I expected everything to hurt- telling the doctor it was ok to stop the machines, meeting with the funeral home, picking out a cemetery plot. All of the firsts you are faced with- coming back into your home without your child, the first morning waking up and remembering the horror of the night before. The pain is so strong, forceful and overwhelming. I think that in some completely messed up way, it was comforting. It was the only thing that made sense to me. My daughter died, so the only thing I know is pain. The pain was in charge of everything. It dictated if I slept, ate, smiled, and sometimes, even if I could take a breath.
In those first days, someone who had been down this awful road said that she didn't ever want the pain to go away. She felt like it was a connection to her son. This makes total sense to me- we arrived at the hospital with our Ellie, we left with this incredible pain. The worst trade ever. But it made sense. No Ellie equals unimaginable pain.
But now, a little tiny ways down the road, the pain is still there but it's different. It's not everything I see or only thing I feel. There are some better days- I won't say good because without Ellie, how could they be "good?" Some things will still very predictably cause a rush of that raw & forceful hurt. Some things are getting easier to deal with... walking through the garage door into our house stings a little less each time.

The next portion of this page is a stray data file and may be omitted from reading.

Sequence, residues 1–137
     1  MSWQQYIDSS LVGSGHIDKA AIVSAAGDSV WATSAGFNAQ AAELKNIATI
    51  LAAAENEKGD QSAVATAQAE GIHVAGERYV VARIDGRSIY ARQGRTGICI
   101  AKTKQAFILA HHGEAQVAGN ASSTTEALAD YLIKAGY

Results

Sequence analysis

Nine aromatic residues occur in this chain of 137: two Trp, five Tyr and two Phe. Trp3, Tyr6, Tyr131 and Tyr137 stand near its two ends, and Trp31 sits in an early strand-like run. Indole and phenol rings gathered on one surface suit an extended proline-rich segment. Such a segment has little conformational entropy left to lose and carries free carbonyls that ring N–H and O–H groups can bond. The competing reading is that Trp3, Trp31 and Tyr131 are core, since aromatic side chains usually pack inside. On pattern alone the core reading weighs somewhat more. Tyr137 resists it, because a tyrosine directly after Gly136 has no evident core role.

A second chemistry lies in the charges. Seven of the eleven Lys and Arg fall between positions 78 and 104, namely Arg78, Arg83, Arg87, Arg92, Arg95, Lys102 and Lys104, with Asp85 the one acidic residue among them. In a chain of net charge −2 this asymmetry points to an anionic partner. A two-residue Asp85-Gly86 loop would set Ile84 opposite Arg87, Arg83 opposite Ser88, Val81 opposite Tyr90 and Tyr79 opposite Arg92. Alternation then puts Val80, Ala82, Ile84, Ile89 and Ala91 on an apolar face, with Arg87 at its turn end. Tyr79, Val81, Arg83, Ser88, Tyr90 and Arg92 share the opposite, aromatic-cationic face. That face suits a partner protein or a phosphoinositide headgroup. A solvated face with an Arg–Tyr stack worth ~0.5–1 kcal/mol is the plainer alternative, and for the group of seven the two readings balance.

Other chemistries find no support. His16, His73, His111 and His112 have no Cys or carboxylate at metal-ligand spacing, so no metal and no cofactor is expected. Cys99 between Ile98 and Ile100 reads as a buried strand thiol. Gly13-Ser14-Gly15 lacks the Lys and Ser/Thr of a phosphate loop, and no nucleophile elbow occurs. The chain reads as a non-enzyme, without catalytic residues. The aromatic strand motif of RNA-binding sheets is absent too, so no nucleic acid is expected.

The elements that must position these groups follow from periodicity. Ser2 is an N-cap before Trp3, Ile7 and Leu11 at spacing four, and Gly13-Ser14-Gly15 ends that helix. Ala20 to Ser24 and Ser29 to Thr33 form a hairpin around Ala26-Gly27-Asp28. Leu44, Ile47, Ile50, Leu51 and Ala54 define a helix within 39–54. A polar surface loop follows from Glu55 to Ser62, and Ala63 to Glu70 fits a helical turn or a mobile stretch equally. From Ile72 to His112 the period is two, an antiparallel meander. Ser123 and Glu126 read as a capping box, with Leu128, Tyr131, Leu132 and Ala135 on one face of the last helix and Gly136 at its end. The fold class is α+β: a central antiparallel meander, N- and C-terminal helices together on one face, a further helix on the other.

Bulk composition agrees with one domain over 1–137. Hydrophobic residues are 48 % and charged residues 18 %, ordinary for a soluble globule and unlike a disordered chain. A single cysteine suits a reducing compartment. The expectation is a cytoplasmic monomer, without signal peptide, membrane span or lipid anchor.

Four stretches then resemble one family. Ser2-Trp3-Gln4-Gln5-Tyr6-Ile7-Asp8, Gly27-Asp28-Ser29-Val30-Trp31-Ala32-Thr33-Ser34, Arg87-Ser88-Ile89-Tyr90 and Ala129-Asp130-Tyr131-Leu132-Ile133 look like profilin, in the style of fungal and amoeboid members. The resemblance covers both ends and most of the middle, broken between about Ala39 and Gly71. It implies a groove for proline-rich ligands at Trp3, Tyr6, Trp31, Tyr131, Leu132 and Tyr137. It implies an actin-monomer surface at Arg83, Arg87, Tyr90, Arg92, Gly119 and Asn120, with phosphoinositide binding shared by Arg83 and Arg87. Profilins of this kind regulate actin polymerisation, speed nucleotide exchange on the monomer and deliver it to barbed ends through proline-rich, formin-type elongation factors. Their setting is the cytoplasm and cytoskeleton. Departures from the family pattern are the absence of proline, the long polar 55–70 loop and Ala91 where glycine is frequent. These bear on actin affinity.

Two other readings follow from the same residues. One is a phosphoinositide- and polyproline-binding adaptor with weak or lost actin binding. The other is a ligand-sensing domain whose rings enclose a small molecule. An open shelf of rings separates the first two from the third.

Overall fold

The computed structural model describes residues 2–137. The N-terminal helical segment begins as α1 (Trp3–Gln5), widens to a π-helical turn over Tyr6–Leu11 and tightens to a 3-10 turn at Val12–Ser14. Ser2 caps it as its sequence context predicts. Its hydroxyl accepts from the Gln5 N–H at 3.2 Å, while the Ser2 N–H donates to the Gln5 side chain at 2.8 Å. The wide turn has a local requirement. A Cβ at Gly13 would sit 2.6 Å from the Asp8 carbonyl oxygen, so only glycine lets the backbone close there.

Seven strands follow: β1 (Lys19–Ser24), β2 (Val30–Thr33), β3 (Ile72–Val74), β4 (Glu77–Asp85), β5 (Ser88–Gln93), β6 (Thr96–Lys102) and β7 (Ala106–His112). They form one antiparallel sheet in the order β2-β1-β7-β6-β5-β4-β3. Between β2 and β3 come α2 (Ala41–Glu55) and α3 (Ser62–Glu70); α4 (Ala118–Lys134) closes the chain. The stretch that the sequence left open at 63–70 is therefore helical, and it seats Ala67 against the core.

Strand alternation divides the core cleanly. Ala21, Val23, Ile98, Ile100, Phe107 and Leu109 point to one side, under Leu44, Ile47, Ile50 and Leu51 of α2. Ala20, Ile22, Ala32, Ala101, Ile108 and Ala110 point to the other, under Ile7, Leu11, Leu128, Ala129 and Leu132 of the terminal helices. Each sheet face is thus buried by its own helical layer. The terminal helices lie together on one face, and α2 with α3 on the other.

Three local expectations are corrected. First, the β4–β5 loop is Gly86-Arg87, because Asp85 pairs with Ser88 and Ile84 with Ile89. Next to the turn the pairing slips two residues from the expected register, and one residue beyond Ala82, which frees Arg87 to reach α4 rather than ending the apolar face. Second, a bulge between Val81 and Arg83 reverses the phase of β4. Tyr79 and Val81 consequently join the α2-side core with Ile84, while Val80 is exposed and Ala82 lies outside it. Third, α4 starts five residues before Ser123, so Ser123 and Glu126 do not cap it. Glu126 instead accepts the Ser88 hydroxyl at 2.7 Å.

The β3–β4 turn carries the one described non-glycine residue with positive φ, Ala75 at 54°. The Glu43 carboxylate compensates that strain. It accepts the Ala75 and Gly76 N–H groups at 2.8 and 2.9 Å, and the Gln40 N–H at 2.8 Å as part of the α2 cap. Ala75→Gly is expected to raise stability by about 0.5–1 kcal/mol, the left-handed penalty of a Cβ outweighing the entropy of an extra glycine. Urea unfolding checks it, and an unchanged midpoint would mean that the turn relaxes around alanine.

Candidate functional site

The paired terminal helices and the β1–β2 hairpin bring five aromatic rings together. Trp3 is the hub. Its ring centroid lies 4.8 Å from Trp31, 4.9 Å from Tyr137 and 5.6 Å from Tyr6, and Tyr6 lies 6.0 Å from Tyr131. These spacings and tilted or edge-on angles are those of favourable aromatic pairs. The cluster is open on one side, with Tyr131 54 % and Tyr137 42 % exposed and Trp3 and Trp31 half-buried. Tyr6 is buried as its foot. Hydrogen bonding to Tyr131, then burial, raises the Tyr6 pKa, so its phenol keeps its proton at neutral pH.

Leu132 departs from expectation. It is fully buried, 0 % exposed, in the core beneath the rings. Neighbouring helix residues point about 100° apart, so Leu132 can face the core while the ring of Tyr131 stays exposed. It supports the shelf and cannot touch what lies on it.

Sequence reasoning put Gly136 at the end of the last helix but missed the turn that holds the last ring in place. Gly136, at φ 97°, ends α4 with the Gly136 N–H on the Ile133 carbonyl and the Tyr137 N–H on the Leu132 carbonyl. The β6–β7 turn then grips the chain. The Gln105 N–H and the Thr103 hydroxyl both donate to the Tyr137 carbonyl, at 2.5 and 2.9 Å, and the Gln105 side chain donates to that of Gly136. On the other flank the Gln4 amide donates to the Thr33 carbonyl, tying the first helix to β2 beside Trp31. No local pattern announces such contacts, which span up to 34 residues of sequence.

Now, I feel like the pain is sneaky and stealth. It lays in wait, stalking me. It seems opportunistic, just waiting for a moment of weakness- knowing it's surprise attack will have a powerful effect. Things that may not have upset me before, all of a sudden produce tears. "These episodes" seem to be harder to shake, almost like it's getting harder to distract myself.
Maybe it's exhaustion.
Last night my wonderful husband arranged for a surprise birthday limo ride and dinner with our college friends. Any normal person would have been really excited. Me, I cried when the limo pulled up in the driveway. I thought, "there is no way I can go out in a limo with my friends and enjoy dinner. Ellie died. I shouldn't be allowed to do this." I did have a really good time with Dave and my friends but the whole night, I felt it. I felt the guilt. And the dread. I knew at the end of the evening, our friends would leave and we would be left with the reality of our lives. I cried myself to sleep last night. I swear my pain saw I had a good evening and took advantage of my defenses being down. All day today has been a bad day. I just keep thinking about her, what a funny, smart, amazing little girl she was and all that we are missing now.
Maybe it's the horrible realization that our pain isn't ever going away. Maybe it's knowing she won't ever be coming back.
Now I feel like it's trying to walk across a mine field. I've always wondered if it's better to tread carefully or sprint right across- never looking back... If there is no way to tell where the mine is, then does it really matter? Really, to me, neither sounds like a safe bet.
Maybe this is just how it's supposed to feel....
|I miss watching our Peanut sit in her bouncy seat, sucking on her nuk, snuggling her blankie, just taking in the world around her|